Re: comments

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Well, we don't have hills in Houston, only over passes that sort of give the same result!

Roger

Sent from my iPad

On Aug 12, 2011, at 7:15 PM, Lea Murphy <lea@xxxxxxxxxxxxx> wrote:

> I think everyone should go out and take pictures of their horizon and send them it to the gallery.
> 
> Lea
> 
> 
> On Aug 12, 2011, at 7:12 PM, Roger Eichhorn wrote:
> 
>> Take some photos in a hilly country and try to figure out where the "horizon" is.  The best bet is to make sure that things that should be vertical are vertical -- usually trees or light or power poles.  Or just stand and look.  Same  problem.
>> 
>> Sorry about all the stuff that follows.  I've found that deleting blocks of text in an email is very difficult on an iPad.
>> 
>> Roger
>> 
>> Sent from my iPad
>> 
>> On Aug 12, 2011, at 6:55 PM, asharpe@xxxxxxxxxxxxxxxx wrote:
>> 
>>> I think the crux of the issue is that the *viewer* doesn't know that the
>>> terrain is tilted; all they can see is that the horizon in the *picture*
>>> is tilted. And if there are no other clues, the visual assumption is that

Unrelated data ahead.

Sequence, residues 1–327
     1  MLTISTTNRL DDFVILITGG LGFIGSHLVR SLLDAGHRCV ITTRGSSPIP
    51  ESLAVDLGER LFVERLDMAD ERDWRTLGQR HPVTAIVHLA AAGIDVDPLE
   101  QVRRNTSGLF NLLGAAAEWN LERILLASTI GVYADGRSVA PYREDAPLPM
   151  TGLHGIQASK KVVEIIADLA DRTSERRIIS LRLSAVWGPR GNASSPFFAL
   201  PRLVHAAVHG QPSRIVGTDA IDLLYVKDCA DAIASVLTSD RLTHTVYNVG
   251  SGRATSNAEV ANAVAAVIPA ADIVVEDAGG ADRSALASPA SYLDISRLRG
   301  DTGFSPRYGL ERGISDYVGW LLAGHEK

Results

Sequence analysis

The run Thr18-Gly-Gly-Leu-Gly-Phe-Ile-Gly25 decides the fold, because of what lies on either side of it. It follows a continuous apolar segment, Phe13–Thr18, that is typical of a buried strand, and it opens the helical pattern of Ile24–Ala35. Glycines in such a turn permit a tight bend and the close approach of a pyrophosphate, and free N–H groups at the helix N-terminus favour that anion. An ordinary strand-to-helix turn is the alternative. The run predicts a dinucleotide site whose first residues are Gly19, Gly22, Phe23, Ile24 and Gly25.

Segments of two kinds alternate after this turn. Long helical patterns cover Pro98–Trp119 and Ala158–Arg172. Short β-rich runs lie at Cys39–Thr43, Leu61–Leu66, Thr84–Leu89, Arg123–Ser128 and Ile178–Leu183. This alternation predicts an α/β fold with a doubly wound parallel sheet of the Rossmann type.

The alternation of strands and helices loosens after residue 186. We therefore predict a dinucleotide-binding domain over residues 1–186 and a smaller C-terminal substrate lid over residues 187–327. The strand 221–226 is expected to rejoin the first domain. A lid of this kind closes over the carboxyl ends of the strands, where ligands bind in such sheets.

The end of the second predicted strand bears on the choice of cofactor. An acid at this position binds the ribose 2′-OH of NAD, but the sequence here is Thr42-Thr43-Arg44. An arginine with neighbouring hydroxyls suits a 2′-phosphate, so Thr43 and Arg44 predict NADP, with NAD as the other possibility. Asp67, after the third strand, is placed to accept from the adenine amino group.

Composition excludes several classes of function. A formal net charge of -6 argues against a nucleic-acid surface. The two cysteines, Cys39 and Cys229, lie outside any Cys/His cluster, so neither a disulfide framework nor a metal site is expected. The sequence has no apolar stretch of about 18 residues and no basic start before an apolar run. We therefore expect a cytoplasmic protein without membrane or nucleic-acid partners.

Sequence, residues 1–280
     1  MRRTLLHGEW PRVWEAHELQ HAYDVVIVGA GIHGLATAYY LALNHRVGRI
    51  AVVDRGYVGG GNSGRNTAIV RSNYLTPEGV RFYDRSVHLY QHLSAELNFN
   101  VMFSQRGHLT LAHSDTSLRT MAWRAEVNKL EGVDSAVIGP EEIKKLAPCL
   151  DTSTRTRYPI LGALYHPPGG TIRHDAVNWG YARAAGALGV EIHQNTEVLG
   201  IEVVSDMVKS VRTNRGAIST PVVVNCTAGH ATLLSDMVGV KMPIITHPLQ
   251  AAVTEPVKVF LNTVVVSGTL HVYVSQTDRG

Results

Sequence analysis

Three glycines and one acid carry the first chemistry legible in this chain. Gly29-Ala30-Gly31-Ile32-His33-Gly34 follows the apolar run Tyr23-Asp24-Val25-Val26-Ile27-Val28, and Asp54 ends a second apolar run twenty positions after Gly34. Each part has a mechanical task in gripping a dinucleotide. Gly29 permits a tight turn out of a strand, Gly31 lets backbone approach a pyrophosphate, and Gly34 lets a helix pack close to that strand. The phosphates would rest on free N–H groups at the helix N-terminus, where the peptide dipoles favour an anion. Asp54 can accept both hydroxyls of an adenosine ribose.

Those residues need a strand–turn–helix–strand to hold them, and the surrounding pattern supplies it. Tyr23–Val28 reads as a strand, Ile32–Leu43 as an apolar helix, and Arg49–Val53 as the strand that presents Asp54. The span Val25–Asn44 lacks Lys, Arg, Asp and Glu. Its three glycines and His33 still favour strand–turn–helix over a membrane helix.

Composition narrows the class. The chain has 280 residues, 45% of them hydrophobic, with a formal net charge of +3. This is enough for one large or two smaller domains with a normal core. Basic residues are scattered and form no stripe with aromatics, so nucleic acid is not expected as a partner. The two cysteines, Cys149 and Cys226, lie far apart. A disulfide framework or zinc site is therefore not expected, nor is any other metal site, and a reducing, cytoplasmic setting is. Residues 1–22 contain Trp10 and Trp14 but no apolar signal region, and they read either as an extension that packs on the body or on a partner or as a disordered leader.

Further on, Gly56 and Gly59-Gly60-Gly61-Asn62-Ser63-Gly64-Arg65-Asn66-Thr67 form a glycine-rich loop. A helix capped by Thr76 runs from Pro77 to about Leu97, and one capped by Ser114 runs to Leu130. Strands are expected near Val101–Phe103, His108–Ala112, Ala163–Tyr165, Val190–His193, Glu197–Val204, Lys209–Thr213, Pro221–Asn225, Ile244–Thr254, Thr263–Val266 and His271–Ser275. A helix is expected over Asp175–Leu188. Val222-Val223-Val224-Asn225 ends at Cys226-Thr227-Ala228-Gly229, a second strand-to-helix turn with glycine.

>>> it *should* have been level, but isn't. The "Dutch Tilt" works because it
>>> is *so* far off from level that the viewer must conclude either that the
>>> photographer intended it, or was drunk. :)
>>> 
>>> Andrew
>>> 
>>> 
>>> On Fri, August 12, 2011 3:50 pm, Don Roberts wrote:
>>>> Agreed, if we can resolve the "curved" versus "level" semantic issue.
>>>> But I stand by my original claim that the horizon does not need to be
>>>> level if the terrain is not.  Personal preferences I guess.  That is just
>>>> one of the many things that makes photography so compelling. Don
>>>> 
>>>> 
>>>> On 8/12/11 3:36 PM, MichaelHughes7A@xxxxxxx wrote:
>>>> 
>>>>> In a message dated 12/08/2011 16:47:02 GMT Daylight Time,
>>>>> elf@xxxxxxxxxxxxxxxxxx writes:
>>>>> 
>>>>> There is no point in time or place when the horizon is not level,
>>>>> sorry.
>>>>> 
>>>>> Given - both the Oxford English Dictionary and Webster's agree that
>>>>> the visible horizon is the point (or series of Points - my words) where
>>>>> the sea and the sky appear to meet. Many, but not all people, believe
>>>>> that the world is round, thus their perception must be that the horizon
>>>>> curves. Experience - whilst working in Europe for an American company
>>>>> one encounterd the view that some Americans feared that if they crossed
>>>>> the outer borders of their continent they would fall off. Michael
>>>>> 
>>>> 
>>> 
>> 
> 
> 
> your kids . my camera . we'll click
> www.leamurphy.com
> 
> 
> 
> 
> 




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